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By Mary Fan
Arizona Daily Wildcat
October 21, 1997

Rats may hold the key to unlock brain debate


Chris Richards
Arizona Daily Wildcat

A rat's eye view of psychology graduate student Nicholas LaMendola and lab researcher Laure Farnbauch - the two are peering over the edge of a radial arm maze designed to test the spatial learning behavior of rats.

Rats in a maze are opening a window for scientists into the mystery-shrouded regions of the human brain.

UA Research Professor Thomas Bever used the rats to answer a long debated question -whether the left hemisphere of the brain does more computation than the right hemisphere.

Bever, a professor of cognitive science, psychology and linguistics, published his latest findings in Friday's edition of Science, a top research journal.

For a century, scientists have agreed that the brain's left hemisphere is dominant in language processing, Bever said.

"The question is whether the superiority of the left hemisphere is unique to language or whether it is a general computational superiority," Bever said.

Some researchers argue that the left hemisphere governs analytical tasks while the right hemisphere processes tasks holistically, Bever said.

"In the domain of perception for instance, the left hemisphere processes a face as parts and it assembles the parts whereas the right hemisphere creates a snapshot of the person's face," explained Nicholas LaMendola, psychology graduate student.

LaMendola is a researcher on the project.

If this is true, then the left and right hemispheres will have different strategies for carrying out tasks and different abilities to accomplish a task depending on the situation, Bever said.

Bever and LaMendola set out to see if this was indeed the case with rats navigating about a maze.

The rats were first taught to run through an eight-armed, wheel-shaped maze with food located at the end of five of the arms.

The scientists then anesthetized either the right or left side of the rats' whiskers, the rats' primary source of navigational information.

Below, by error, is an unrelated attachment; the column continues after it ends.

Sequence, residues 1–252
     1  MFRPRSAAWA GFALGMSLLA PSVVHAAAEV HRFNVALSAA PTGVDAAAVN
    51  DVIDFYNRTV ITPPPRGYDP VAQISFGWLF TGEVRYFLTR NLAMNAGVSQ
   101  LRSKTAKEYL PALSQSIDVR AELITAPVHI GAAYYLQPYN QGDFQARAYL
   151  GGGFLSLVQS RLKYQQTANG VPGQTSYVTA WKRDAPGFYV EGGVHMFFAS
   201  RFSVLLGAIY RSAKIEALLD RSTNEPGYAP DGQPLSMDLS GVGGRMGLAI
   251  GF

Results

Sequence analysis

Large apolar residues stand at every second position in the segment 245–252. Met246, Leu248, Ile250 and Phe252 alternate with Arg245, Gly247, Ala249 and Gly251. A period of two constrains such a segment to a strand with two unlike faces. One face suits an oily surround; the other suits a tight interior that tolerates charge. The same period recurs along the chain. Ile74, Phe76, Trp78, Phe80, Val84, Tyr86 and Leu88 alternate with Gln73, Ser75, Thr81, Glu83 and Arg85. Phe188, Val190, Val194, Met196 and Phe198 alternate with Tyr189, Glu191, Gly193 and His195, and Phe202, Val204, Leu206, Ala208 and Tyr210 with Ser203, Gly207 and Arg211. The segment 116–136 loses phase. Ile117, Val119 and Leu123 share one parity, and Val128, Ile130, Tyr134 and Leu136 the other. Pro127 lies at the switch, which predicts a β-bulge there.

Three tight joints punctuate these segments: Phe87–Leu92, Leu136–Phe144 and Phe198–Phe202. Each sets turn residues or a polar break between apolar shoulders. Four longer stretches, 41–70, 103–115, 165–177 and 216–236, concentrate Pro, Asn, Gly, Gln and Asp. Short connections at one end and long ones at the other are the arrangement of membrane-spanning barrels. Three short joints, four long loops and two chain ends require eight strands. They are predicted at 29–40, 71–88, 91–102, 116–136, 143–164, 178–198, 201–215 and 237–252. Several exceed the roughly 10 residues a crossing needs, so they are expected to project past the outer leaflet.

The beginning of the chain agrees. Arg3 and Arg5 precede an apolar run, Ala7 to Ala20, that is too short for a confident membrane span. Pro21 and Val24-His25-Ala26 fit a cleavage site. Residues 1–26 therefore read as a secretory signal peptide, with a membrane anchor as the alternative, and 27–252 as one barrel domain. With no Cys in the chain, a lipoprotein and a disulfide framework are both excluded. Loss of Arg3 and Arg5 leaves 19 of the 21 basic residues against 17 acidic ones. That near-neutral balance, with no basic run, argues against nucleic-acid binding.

This enabled the researchers to observe the rats' behavior when guided by whiskers governed by one hemisphere of the brain.

Like humans, Bever said, rats have contralateral neurological connections. That means the left side of the rat is governed by the right hemisphere and the right side is governed by the left hemisphere, he said. By anesthetizing the whiskers of the right side the scientists could examine the rats' behavior when guided by their left whisker/right hemisphere system. Anesthetizing the rats' left whiskers would accomplish the reverse, Bever explained.

After the anesthesia was applied, the rats ran the same maze as before, only this time the maze was rotated 90 degrees inside the room. The researchers found rats guided by their left whiskers/right hemisphere system ran the maze unaffected while rats guided by their right whiskers/left hemisphere system had difficulty.

Moving the food wrecks a rat's mental map of the maze, Bever said.

Then the researchers ran the rats with the maze in its original position. However, they started the rats at a different position. Rats guided by left-whisker information were adversely affected but those guided by right whiskers had no problem. The map-like representation supplied by the right whisker/left hemisphere system was enough to guide the rats to the food.

This shows that while the right hemisphere maintains a memorized sequence of moves, the left hemisphere maintains to the food is located in space itself rather than relative to the interior of the maze, Bever said.

"Because a map representation is more complex than a memorized route this suggests that the left hemisphere may be computationally more powerful than the right as some people have suggested is true of humans," Bever said.

Thus the study offers insight as to why language is represented in the left hemisphere of the brain, Bever said.

The study addresses more than this academic question, however, LaMendola said.

By showing that brain asymmetries exist in rats, the study shows that rats may be used as a model for studying brain asymmetries in humans, LaMendola said.

"The animal model is really powerful because it allows us to test one side of the brain. Human asymmetries are difficult to study because we don't have a mechanism for turning off one side of the brain," he said.

This gives hope that in the future, rat models may help researchers better understand and devise treatments for disorders associated with brain asymmetries including dyslexia and other learning disorders, Bever said.

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